2) Over-diluting infant formula

Families with limited financial resources may resort to adding less powder than recommended (over-diluting) formula. One American study (Burkhardt 2012) reported that 27% of families studied who could not always meet their basic nutritional needs (food-insecure families) did this. It is a dangerous practice and can result in babies being underfed. With larger amounts of water, babies can develop low levels of salt (sodium) which can result in drowsiness, seizures, brain damage, and death (Keating 1991; Hansen 2017). 

The study also showed that half of families mistakenly believed that store-brand and name-brand formula were not equivalent thus keeping them from choosing more reasonably priced formula.

3) Starting solids early

The high cost of infant formula may drive families to start solid foods early, which increases the risk of illnesses such as diarrhea, fevers, wheezing, and obesity.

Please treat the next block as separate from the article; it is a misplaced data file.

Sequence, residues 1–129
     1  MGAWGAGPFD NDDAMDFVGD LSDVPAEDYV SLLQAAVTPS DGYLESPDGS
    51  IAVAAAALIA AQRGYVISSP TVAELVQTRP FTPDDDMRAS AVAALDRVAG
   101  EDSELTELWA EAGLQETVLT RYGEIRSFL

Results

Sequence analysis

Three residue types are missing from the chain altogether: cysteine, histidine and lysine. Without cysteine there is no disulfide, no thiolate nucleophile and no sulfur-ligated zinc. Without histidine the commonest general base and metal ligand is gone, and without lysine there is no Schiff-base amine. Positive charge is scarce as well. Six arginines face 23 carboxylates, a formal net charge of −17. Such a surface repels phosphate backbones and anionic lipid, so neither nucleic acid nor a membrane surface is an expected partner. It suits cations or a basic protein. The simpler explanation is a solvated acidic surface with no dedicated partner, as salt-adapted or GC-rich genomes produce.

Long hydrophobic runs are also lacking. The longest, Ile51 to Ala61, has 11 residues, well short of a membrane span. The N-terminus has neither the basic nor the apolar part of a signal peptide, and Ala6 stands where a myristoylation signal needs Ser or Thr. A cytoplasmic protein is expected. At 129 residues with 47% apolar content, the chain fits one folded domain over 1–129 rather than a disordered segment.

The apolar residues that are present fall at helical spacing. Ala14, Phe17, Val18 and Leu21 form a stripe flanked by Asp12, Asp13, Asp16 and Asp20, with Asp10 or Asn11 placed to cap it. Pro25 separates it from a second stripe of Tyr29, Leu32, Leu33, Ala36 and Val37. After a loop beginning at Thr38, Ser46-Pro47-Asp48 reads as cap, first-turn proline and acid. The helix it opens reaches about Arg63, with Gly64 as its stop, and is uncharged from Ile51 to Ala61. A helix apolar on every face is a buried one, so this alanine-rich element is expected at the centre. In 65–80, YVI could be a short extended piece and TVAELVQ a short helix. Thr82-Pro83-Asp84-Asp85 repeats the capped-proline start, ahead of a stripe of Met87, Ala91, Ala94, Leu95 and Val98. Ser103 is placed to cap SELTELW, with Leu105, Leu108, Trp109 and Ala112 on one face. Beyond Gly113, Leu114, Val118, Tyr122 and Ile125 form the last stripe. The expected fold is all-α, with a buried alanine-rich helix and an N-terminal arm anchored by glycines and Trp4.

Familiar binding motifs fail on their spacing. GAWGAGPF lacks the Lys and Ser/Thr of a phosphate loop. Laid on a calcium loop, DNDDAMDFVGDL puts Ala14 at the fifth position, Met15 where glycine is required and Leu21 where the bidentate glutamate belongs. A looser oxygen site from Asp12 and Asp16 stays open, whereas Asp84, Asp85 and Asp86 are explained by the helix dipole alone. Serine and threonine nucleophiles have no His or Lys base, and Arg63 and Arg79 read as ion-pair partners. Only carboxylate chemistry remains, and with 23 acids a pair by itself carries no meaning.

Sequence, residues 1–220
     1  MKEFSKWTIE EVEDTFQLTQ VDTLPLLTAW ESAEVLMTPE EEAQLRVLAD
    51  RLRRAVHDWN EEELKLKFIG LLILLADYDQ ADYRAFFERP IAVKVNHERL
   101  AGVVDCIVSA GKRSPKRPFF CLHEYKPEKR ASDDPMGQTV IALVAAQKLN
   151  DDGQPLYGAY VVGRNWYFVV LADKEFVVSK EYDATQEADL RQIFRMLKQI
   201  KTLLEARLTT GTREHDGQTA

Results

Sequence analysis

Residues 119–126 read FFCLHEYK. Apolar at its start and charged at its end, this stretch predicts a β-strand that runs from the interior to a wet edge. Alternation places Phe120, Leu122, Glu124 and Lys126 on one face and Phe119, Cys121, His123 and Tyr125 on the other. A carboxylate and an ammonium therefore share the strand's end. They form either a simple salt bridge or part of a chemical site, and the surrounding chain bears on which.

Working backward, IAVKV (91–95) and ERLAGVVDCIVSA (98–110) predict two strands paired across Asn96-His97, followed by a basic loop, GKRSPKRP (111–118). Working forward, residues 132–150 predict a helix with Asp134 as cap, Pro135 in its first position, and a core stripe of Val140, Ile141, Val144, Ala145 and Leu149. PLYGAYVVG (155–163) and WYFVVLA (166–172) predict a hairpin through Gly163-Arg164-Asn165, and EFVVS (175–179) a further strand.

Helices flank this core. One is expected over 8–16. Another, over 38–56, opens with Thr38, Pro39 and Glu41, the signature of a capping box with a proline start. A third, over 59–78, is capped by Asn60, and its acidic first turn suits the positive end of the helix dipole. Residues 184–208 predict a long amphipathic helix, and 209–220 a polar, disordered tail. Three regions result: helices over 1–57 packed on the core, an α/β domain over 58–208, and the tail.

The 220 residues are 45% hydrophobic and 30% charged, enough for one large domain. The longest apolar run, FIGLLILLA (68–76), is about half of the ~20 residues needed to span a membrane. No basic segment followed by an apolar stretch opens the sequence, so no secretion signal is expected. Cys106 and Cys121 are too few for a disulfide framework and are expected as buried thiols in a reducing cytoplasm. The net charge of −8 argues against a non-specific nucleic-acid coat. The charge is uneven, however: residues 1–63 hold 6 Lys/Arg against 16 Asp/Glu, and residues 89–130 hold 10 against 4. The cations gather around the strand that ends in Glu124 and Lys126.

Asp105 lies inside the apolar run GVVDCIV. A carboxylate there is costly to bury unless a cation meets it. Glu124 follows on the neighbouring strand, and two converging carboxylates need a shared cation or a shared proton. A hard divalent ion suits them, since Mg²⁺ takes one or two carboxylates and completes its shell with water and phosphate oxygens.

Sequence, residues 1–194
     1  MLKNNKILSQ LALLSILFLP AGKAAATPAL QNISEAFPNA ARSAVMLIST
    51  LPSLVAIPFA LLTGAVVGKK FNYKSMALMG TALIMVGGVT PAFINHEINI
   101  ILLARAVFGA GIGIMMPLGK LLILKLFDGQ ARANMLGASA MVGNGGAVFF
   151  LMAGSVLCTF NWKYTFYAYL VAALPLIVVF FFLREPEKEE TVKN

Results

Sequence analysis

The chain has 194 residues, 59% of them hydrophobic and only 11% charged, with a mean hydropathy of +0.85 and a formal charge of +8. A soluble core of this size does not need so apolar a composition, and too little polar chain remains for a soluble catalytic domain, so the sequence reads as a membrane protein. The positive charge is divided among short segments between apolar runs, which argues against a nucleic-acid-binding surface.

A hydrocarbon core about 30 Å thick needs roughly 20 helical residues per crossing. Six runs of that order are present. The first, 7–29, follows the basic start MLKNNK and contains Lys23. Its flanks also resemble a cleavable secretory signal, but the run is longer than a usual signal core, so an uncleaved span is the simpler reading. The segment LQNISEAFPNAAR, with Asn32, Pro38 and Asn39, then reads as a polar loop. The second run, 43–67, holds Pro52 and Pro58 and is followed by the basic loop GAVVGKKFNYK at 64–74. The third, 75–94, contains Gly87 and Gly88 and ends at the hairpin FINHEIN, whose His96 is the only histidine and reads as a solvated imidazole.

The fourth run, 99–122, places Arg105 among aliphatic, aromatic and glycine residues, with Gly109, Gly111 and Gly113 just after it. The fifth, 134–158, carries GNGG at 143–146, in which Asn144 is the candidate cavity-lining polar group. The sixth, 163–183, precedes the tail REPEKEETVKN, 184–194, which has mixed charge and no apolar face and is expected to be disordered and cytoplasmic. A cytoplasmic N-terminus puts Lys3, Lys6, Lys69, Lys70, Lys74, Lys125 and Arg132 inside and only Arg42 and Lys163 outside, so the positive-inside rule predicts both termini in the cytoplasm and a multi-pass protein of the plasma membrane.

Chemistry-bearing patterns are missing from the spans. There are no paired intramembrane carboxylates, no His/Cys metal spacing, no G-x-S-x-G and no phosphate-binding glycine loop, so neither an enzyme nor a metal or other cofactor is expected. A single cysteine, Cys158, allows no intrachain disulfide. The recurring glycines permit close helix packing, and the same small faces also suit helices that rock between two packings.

4) Additional costs caused by illness within the family

Formula use increases the risk of expensive short- and long-term illness in both mother and child. One study (Ball 1999) in 1999 estimated the cost per family for medical care for illness due to not breastfeeding would be between U.S.D. $331 and $475. Health-care costs have increased significantly since then.

D) Keeping costs down

Formula costs may be reduced by:

  • Using powdered formula.
  • Using regular cow’s milk-based formula and not other costlier types formula.
  • Using store-brand formula instead of name-brand formula.
  • Using insurance policies or other programs that can defer the cost of specialty formula that is medically needed.
  • Using bottles and other tools that are re-usable.
  • Comparison shopping.
  • Buying in bulk.
  • Not buying formula with a “use by” date that is approaching and may need to be thrown out.

The following marketing tools violate the World Health Organization Code of Marketing of Breast-milk Substitutes and frequently undermine breastfeeding. They are legal options in some countries.

Samples, coupons, and other promotional items obtained from:

E) The cost of breastfeeding

Breastfeeding is not free but costs much less than formula.

1) The cost of extra food